Testing the Cover Crop Hypothesis Across Prairie Canada
Years: 2018-2023 (2020-2023 for Dr. Tenuta’s contribution)
Funding Source: Western Grains Research Foundation (WGRF)
Principal Investigator: Yvonne Lawley (U Manitoba)
Co-applicants: Mario Tenuta, and Kate Congreves, Richard Farrell, Steve Shirtliffe, and Melissa Archand (U Saskatchewan)
Summary: This project will evaluate cover crops in annual rotations in Alberta, Saskatchewan and Manitoba over a four-year period. The objectives of the project are to: A) quantify the potential for cover crop growth across a range of cover crop windows and growing environments, B) evaluate the reliability of cover crop establishment within annual crop rotations across a range of growing environments, C) evaluate the impact of cover crops in crop rotations on crop yield and quality across a range of growing environments, D) evaluate the impact of cover crops on soil health across a range of growing environments, E) quantify the environmental impact of cover crops on N2O fluxes in three growing environments, and F) evaluate the economic costs and benefits to including cover crops in annual rotations across growing environments in Prairie Canada.
Integration of feeding, animal and manure management practices to reduce whole farm GHG emissions and improve nutrient utilization in cow-calf operations
Funding Source: Agriculture and Agri-Food Canada
Funding Program: Agricultural Greenhouse Gas Program (AGGP)
Principal Investigator: Kim Ominski (U Manitoba)
Co-applicants: Mario Tenuta (U Manitoba)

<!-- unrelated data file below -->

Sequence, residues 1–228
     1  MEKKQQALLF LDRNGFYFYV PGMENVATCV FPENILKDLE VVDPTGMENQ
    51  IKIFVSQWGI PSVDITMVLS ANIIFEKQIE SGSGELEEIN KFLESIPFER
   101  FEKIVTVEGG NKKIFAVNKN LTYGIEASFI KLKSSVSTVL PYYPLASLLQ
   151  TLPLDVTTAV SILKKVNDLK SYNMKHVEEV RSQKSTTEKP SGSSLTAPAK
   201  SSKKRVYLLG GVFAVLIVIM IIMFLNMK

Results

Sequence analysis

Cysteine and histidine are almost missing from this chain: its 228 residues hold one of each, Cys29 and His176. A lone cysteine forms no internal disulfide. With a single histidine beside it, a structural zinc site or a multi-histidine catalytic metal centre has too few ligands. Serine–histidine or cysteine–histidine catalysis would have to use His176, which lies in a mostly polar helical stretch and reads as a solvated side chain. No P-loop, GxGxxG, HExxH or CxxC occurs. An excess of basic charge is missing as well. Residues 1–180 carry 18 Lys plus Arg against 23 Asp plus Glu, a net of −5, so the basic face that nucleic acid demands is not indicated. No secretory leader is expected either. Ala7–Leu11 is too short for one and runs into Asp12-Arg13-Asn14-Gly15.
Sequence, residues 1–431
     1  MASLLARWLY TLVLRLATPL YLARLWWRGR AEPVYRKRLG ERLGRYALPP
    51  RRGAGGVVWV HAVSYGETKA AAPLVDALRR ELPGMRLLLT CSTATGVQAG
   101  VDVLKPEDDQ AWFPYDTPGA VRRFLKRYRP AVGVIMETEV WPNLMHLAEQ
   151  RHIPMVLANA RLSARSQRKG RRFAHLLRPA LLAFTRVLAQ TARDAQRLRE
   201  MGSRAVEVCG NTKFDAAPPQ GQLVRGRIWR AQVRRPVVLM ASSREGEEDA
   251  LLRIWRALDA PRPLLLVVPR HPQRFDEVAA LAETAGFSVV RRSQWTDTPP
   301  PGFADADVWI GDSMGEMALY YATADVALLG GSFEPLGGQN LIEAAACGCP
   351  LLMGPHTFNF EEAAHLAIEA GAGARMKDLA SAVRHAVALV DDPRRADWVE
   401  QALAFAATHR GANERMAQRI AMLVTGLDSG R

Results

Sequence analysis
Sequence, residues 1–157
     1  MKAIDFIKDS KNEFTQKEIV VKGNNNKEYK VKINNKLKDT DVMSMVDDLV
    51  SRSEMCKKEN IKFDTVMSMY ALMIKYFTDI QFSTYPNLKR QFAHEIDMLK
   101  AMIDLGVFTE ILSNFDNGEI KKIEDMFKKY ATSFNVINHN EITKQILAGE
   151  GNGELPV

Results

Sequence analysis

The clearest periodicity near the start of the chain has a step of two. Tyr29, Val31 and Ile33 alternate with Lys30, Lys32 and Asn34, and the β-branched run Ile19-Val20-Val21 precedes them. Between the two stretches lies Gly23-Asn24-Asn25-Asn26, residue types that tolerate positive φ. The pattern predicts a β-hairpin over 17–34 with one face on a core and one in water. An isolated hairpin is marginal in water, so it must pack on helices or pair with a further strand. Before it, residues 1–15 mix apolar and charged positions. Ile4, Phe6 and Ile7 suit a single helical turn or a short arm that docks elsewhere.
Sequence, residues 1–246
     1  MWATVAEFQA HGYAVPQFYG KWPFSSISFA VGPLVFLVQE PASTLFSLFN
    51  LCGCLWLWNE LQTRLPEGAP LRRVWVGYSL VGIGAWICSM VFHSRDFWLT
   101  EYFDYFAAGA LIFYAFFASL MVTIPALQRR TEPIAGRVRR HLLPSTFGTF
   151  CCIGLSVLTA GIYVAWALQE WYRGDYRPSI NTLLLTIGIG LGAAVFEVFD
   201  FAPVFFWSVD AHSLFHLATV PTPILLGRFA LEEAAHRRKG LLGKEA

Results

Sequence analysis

Summary: The impact of changes in management on greenhouse gas (GHG) emissions is not always clear due to the complexity of cattle production systems. Systems-based, whole farm analyses are necessary to address these complex issues to ensure that policy development and consumer information is founded on the basis of sound science. This project will provide new science-based knowledge regarding net GHG (CH4 and N2O) emissions related to dietary and manure management practices, and their integration in beef cow-calf operations. Improved scientific understanding of GHG transfer in agricultural systems will lead to identification of Best Management Practices that can be targeted for policy development and program delivery, in order to improve economic and environmental sustainability of the Canadian cattle industry. Dr. Tenuta’s role in this project is to determine if stockpiled solid manure from feedlot fed cattle consuming different diets designed to reduce enteric CH4 emissions affects direct N2O and indirect (NH3) emissions as well as CH4. As an additional treatment, manure from 4 test diets will have more straw bedding added to test if augmentation of organic carbon during stockpiling reduces GHG emissions. The manure after stockpiling and monitoring will be incorporated into soil and the direct emissions of N2O will be monitored.